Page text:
You should have seen the looks on the faces of my teenage sons when they saw me sewing this trio. They raised their brows and gave me funny looks.

The questions in their eyes said: “Mom, what are you doing?”

Wisely, they never said a single word.

They know better than that.

I would tell them that I do these things to just keep them on their toes.

And to keep them guessing.

Just so you know, this probably the only time you will ever see slinky lingerie on this blog.

Hope you will still be here tomorrow.

 I will finish my last piece of intimate apparel, this one will be a fuzzy warm robe!

Then it’s back to the practical items, blouses will be next!

Sewing PJ Pants

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31 Days of Sewing: Day 2

Day 1 of sewing went great, no real issues. Day two on the other hand was a different story. Nothing went the way it was supposed to. Some days are like that I guess.

My issues started with cutting today’s garment, a cut little pair of satin pj pants. Okay, technically they are panties, but I won’t call them that because it might direct the wrong type of traffic to my blog.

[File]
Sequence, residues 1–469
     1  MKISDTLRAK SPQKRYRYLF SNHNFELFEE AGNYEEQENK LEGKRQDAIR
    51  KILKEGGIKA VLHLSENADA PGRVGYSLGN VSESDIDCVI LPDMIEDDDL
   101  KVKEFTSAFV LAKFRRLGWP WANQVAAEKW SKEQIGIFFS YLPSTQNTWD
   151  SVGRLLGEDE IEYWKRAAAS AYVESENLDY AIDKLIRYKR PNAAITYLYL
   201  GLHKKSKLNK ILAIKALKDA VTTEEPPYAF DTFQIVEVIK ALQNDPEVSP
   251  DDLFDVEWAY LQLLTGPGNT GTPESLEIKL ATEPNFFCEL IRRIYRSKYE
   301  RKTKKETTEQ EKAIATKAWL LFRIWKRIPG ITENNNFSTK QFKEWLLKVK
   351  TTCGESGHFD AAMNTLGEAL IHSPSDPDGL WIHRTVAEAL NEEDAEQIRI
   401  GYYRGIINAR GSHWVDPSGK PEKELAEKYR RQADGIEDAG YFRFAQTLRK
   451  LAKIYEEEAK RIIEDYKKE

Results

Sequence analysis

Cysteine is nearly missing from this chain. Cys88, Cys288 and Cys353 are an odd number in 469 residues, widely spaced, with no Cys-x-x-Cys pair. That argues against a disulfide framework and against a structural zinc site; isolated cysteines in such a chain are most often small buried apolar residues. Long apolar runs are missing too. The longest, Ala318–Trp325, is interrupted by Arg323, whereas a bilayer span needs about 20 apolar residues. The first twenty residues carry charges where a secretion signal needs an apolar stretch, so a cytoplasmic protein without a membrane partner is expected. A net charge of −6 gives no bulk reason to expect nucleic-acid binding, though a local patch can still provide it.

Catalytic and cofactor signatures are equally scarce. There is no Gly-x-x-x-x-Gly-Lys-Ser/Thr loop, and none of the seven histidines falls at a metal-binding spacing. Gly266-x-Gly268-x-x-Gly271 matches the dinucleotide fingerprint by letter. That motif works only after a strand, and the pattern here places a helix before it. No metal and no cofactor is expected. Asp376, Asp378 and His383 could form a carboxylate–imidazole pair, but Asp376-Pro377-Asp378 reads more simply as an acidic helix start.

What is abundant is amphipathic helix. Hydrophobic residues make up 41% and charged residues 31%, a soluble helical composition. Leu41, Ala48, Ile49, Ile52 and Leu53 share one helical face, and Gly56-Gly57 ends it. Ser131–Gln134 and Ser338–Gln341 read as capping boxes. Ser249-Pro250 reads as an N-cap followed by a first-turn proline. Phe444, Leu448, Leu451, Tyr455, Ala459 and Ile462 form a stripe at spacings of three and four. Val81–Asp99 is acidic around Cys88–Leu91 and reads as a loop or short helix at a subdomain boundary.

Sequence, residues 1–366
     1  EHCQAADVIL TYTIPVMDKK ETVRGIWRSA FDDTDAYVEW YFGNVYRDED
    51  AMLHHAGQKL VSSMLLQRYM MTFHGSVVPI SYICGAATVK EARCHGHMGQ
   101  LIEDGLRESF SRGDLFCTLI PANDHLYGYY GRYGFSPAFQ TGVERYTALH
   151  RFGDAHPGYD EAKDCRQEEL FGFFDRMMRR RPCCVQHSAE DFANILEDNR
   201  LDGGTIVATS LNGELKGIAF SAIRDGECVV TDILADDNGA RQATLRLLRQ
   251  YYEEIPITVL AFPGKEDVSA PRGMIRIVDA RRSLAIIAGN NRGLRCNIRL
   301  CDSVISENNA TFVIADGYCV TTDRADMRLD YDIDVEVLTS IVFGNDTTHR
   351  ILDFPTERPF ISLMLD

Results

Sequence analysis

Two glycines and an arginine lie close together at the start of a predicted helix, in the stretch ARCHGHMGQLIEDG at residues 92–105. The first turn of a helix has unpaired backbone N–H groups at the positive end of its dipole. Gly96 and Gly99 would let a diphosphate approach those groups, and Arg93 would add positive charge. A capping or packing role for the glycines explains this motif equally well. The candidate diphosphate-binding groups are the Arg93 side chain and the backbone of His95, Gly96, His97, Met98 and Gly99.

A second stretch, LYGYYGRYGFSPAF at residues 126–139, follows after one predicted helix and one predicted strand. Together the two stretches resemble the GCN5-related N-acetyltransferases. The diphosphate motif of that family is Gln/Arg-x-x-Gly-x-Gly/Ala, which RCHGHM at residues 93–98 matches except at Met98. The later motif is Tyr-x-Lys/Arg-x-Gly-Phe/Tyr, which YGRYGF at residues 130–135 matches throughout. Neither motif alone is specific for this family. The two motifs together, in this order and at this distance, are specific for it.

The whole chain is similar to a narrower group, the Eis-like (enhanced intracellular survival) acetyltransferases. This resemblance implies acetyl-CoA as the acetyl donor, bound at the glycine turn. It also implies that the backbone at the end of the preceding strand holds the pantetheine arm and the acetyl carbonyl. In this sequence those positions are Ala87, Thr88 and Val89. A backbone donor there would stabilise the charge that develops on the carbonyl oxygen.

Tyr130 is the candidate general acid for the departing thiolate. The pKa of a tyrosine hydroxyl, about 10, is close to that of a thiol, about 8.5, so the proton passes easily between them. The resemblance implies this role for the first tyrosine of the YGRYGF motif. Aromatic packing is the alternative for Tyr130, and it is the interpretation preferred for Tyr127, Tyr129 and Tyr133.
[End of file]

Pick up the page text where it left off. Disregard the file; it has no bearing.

Anyway, I skimped on buying the yardage for this project, trying to save a buck, only to realize when cutting it that everything was supposed to be on the bias and I didn’t have quite enough fabric.

Of course, I crammed it in anyway. I cut the back on the straight grain instead. Life will go on.

No way was I going back to the store in the rain today.

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This is easy Vogue Pattern #V8888. I made the satin robe yesterday, today it’s the panties, tomorrow will be the camisole top.

Sewing the pants is really easy, if you are having a good sewing day.

Today was not my day.

I sewed the side seams together, and added the lace at the leg hem.

Then it was time for the elastic.

After stitching the center front seam together and measuring the elastic, I set about making the waistband.

First, stretch the elastic the length of the waist (from center back, across side seam, center front, and to the other center back), single needle stitch with a basting stitch stretching the elastic all the way across the garment as you go.